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What is Probate?

Most people who have not signed estate planning documents assume that they have no estate plan. However, if you die without a will, Virginia’s laws will determine who receives your property after you die.

Either way, if you die with or without a will in Virginia, your estate must go through a process called probate. If you have a will, your will is probated in the circuit court in the city our county where you resided before your death. When a will is probated, it is recorded in the public records for that city and the executor you named in your will must go to the courthouse to qualify as your executor.

If you die without a will, someone must qualify as your personal representative in order to handle the settling of your accounts and the distribution of your estate to your heirs.

Should My Estate Go Through Probate?

The probate process typically lasts for 12 to 16 months. During that time, your executor or personal representative must gather information about all of your assets and debts and file documents with the court. While this process is pending, distributions of your estate to your heirs could be delayed.

Additionally, the person named as your executor or personal representative will have to file an inventory of all of your assets with the court, as well as an accounting of what was done with all of your assets. Executors and personal representatives are responsible for a large variety of activities, including communicating with debt collectors and heirs of the estate. Allowing your estate to go through probate could create a significant time burden for your executor or personal representative.

Another downside to the probate process is that it can be expensive. At a minimum, an estate going through probate will be required to pay hundreds of dollars in filing fees to the courts.

If you hire an attorney to help you through the process, then probate will be even more expensive. Most attorneys charge an hourly rate for probate, with a retainer required before they can begin work on the file.

Finally, for those who prefer to keep information about their assets and debts private, it is important to know that probate is a public proceeding. Anyone can access all of the documents your executor or personal representative files on behalf of your estate.

How Can I Avoid Probate?

There are many ways to avoid probate. One way is to execute and fund a trust. If all of your assets are in a trust, they will pass through your trust instead of undergoing the probate process.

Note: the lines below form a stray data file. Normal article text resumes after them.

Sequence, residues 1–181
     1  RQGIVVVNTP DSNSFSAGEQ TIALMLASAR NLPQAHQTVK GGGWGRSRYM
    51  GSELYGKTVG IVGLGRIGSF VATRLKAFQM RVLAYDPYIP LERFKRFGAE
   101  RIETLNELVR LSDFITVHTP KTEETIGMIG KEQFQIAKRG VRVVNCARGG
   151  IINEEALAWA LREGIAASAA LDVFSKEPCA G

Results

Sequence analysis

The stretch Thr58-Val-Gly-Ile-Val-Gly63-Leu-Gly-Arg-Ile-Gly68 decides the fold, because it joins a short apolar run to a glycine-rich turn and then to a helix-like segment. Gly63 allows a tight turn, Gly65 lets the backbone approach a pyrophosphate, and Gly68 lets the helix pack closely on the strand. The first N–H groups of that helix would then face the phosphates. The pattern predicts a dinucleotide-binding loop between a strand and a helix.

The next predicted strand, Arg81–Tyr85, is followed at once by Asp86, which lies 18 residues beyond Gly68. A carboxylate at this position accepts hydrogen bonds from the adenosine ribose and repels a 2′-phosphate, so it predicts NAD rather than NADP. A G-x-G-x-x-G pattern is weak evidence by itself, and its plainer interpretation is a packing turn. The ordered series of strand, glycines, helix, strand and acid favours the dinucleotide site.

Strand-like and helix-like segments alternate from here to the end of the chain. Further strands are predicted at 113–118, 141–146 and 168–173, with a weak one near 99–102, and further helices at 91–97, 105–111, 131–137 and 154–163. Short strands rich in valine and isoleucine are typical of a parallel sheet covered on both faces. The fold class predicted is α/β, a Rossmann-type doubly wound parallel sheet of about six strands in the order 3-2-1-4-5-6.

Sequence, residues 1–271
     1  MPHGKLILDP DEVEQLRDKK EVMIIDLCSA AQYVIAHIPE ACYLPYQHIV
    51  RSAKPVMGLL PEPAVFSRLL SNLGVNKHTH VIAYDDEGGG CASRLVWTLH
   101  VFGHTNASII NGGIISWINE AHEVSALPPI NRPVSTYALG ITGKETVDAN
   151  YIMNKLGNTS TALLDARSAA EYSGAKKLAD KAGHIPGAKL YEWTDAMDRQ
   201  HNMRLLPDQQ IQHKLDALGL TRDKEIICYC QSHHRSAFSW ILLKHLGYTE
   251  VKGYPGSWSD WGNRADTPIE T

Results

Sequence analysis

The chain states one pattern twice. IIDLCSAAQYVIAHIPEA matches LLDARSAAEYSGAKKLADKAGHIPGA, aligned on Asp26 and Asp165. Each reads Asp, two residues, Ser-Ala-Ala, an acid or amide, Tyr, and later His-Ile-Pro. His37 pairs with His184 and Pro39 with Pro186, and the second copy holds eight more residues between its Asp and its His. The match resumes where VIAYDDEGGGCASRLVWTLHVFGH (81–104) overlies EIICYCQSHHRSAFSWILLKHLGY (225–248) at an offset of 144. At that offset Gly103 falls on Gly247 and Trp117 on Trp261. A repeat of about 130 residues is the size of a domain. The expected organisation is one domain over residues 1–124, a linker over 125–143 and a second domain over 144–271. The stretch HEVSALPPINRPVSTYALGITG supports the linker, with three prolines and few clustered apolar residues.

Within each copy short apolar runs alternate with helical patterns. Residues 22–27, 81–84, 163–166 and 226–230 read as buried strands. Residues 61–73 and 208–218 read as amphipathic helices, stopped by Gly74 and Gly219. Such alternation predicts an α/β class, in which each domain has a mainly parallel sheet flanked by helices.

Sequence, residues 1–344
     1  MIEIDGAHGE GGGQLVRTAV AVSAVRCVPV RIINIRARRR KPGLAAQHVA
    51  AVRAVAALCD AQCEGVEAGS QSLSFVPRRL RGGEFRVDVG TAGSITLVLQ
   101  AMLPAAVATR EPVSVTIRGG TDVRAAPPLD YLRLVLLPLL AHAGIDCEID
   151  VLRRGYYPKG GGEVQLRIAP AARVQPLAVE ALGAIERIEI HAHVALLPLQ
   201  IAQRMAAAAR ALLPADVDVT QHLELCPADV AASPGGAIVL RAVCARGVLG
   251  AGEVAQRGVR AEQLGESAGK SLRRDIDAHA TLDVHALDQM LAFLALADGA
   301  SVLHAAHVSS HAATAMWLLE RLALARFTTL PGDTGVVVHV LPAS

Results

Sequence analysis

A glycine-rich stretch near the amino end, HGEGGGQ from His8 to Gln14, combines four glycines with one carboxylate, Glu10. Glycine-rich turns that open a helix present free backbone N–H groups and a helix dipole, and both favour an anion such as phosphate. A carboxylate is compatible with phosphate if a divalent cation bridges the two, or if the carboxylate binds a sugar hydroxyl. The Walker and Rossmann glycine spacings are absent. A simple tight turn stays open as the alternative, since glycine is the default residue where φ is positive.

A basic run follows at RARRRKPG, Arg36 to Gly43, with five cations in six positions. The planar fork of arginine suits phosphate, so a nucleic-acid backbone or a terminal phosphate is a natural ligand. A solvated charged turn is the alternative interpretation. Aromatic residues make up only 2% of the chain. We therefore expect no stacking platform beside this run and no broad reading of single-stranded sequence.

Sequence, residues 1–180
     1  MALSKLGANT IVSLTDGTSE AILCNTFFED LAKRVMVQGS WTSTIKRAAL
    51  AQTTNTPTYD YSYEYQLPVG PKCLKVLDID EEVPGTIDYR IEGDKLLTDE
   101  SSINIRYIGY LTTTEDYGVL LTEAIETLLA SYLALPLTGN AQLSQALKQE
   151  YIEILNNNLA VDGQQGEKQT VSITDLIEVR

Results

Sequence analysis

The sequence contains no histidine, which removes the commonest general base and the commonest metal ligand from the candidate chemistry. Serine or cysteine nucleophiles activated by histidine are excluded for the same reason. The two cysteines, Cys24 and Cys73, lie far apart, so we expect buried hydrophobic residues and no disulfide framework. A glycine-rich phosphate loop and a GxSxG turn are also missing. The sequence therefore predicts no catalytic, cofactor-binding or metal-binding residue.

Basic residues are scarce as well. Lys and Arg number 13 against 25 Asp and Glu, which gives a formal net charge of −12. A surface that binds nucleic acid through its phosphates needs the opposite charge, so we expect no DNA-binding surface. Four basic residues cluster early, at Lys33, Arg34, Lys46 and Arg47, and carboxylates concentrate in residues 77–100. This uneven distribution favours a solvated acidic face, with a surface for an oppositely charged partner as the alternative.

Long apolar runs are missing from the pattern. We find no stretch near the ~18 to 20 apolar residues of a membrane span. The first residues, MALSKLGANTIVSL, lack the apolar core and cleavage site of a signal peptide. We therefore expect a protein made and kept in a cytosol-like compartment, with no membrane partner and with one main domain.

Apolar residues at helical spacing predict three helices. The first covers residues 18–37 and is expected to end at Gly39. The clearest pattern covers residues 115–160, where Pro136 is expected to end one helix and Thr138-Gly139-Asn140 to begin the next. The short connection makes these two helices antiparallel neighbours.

Another way to avoid probate is to add beneficiary designations or “transfer on death” or “payable on death” designations on your bank accounts and other assets. These designations allow certain assets to pass directly to your beneficiaries instead of going through the probate process.

Finally, if you have an estate valued at less than $15,000, you can usually avoid probate altogether.

Do I Need An Attorney?

The best way to make sure that your estate avoids probate after your death is to visit an attorney. An experienced estate planning attorney can make sure that all of your assets are titled in a way that allows you to avoid probate. Paying an attorney to draft an estate plan that meets your needs now is often much less expensive than paying an attorney for the probate process.

If a loved one has recently passed away, it is always a good idea to visit an attorney to review the financial and legal situation involved in the estate. If the estate is complicated or if the person who passed away did not keep good records of their finances, you may need to hire an attorney to help you sort it all out.

If a loved one died with a large amount of debt, an attorney can negotiate with debt collectors to reduce or even eliminate the amount of money the estate owes.

To schedule your consultation, contact Alperin Law today.

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500 Viking Drive, Suite 202,
Virginia Beach, VA 23452

11815 Fountain Way, Suite 300,
Newport News, VA 23606

1545 Crossways Blvd. Suite 250
Chesapeake, VA 23320

425 W. Washington St., Suite 4
Suffolk, VA 23434

PHONE: (757) 490-3500
FAX: (757) 233-3600

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